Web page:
Even the “best case” outcome above is not guaranteed, as trusts need to be written to pass a strict “look through” rule for the trust beneficiaries to be considered “designated beneficiaries” and have RMDs based on their life expectancy. Trusts that fail to pass this test must have IRA assets fully distributed within five years (if the IRA owner dies before 70½) or over the original owners’ life expectancy, which can be quite a short time frame (if the IRA owner dies after age 70½). The “look through” rules require that:

1. The trust must be valid under state law;
2. The trust is irrevocable or becomes irrevocable upon death of the account owner;
3. The beneficiaries of the trust must be “identifiable from the trust instrument”; and
4. Certain documentation must be provided to the IRA custodian/plan administrator (if this is an employer plan) “within a reasonable time.”

If you do decide to name a trust as the beneficiary of your IRA, it is absolutely crucial that you speak with the professional who drafted the Trust to ensure that it will pass this “look through” test.

Owner -> Spouse -> Child -> Grandchild

Owner -> Beneficiary

Also ensure that you name a contingent beneficiary so that you are protected in the event that your primary beneficiary predeceases you. This is of course another reason to review your IRA beneficiaries to make sure that they are up to date with living primary beneficiaries listed.

Retirement benefits left to trust could be taxed sooner and at a higher rate than if the benefits had been paid directly to spouse or children.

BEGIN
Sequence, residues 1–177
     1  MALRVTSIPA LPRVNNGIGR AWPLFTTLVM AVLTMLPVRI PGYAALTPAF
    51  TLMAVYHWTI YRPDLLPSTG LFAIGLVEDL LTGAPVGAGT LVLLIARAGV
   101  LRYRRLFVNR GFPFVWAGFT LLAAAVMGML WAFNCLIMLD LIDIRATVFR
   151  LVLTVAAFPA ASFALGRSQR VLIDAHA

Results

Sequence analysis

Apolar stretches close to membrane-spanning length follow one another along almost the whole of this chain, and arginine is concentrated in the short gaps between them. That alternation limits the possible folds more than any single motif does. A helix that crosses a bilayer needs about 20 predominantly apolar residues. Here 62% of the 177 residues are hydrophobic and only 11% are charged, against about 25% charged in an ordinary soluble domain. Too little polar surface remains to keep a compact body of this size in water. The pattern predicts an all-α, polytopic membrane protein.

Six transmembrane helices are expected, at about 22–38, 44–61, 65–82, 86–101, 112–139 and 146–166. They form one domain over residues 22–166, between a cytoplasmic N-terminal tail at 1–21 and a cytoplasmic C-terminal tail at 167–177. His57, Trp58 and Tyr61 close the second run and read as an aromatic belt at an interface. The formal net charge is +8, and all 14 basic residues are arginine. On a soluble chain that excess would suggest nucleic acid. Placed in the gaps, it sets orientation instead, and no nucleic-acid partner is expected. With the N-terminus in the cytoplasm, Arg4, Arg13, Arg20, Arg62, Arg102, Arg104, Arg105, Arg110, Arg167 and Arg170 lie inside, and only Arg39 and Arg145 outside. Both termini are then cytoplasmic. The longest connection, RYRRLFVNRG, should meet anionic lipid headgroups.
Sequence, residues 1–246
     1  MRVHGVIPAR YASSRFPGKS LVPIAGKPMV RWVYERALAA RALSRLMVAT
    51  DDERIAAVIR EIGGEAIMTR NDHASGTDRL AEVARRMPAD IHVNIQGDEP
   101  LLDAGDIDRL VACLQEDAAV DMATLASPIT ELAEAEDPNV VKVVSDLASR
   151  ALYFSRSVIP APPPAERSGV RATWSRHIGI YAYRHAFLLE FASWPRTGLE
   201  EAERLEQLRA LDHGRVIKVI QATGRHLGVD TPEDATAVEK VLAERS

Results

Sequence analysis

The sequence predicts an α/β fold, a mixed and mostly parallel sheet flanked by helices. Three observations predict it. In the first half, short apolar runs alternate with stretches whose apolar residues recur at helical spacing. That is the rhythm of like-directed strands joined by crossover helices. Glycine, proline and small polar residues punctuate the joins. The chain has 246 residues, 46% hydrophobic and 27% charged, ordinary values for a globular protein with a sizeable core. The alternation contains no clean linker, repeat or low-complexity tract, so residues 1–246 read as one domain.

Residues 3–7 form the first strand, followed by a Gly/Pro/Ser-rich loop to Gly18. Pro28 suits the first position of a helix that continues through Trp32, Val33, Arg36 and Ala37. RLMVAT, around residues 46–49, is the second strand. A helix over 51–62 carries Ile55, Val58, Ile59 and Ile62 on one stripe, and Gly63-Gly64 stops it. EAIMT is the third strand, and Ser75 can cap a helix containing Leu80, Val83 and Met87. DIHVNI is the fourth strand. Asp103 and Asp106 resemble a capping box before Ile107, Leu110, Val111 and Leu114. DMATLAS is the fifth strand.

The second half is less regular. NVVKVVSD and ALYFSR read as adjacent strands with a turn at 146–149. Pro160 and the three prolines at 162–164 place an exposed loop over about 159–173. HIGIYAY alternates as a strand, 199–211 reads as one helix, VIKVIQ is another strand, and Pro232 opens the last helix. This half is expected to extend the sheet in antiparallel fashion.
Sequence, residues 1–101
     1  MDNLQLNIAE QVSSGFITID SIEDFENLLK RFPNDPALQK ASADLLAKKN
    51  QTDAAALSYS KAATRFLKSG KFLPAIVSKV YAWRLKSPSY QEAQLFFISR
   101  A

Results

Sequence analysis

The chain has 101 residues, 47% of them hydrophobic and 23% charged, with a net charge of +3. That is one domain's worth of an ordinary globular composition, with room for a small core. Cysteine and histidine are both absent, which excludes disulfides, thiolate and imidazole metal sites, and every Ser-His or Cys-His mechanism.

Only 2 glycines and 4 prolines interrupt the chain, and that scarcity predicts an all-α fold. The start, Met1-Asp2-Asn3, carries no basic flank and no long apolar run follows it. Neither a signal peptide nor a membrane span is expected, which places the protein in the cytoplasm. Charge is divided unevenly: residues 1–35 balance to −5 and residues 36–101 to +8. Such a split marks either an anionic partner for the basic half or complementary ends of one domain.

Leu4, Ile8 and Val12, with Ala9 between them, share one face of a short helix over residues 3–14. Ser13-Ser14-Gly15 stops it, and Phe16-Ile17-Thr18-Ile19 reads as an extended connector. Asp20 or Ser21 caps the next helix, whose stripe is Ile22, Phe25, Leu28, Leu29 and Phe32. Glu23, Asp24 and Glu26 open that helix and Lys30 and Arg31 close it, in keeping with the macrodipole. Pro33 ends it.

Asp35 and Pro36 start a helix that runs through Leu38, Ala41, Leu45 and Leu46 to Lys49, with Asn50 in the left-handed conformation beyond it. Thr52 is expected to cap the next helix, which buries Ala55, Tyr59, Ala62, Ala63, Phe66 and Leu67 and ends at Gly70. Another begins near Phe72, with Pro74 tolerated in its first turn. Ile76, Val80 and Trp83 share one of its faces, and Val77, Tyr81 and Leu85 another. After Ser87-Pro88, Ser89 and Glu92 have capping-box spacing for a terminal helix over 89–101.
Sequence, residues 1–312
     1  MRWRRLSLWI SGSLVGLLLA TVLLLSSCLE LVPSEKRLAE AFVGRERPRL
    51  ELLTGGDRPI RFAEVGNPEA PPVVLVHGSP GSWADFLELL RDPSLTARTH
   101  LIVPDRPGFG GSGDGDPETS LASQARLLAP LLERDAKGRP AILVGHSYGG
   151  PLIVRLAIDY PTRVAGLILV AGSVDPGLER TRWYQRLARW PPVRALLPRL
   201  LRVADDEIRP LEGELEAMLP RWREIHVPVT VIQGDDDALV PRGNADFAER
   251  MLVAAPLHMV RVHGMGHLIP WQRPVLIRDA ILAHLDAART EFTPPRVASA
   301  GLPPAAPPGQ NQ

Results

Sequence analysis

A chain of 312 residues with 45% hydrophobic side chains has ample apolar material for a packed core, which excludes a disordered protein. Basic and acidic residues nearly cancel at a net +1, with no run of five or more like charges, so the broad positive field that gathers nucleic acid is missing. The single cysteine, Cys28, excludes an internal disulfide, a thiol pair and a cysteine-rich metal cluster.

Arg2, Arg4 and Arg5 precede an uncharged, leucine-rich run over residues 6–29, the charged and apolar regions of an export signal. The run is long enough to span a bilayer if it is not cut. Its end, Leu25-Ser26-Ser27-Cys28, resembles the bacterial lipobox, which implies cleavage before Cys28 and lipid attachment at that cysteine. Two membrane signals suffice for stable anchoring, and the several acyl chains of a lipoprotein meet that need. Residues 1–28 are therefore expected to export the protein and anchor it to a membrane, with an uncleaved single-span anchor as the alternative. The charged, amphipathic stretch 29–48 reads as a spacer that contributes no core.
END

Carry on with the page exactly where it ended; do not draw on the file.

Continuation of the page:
Naming a beneficiary of your IRA that accomplishes your goals is a crucial piece in estate planning, yet it is often taken lightly because it is deemed as being so simple. However, the consequences of this decision can be significant. By naming a non-qualifying Trust as your IRA beneficiary you will lose the stretch payout to spouse and children over their life expectancies. Retirement benefits left to the Trust will be taxed sooner and at a higher rate (most likely) than if the benefits had been paid directly to the spouse or children. This could likely result in fewer assets for the surviving spouse to live on and the children to inherit. There are many good reasons to leave retirement assets in Trust to beneficiaries. Just be sure that you understand the implications.

Should I Name a Trust as an IRA Benficiary?


Advantages Disadvantages
Protection of assets from creditors Loss of spousal rollover and ability of spouse to take assets as their own
Control of post-death distributions. Restriction of access to beneficiaries who might be considered spend-thrift Loss of tax-deferral and "stretch" payouts over generations
Protection from second-marriage situations Trust must pass strict "look through" test or assets could be requried to be taxed over just a five-year period

Richard Ford is Chief Marketing Officer, PlanMember Services Corporation. Ellie Lowder, TGPC, is a Tax-Exempt & Governmental Plan Consultant at TSA Training & Consulting Services.

Opinions expressed are those of the authors, and do not necessarily reflect the views of NTSA or its members.